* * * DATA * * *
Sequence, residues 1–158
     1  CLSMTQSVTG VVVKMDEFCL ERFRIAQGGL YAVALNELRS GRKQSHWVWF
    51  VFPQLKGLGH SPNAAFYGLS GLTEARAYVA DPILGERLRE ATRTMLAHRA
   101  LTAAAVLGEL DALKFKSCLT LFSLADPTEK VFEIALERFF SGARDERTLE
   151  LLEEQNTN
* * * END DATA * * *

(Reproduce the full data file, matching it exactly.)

Sequence, residues 1–158
     1  CLSMTQSVTG VVVKMDEFCL ERFRIAQGGL YAVALNELRS GRKQSHWVWF
    51  VFPQLKGLGH SPNAAFYGLS GLTEARAYVA DPILGERLRE ATRTMLAHRA
   101  LTAAAVLGEL DALKFKSCLT LFSLADPTEK VFEIALERFF SGARDERTLE
   151  LLEEQNTN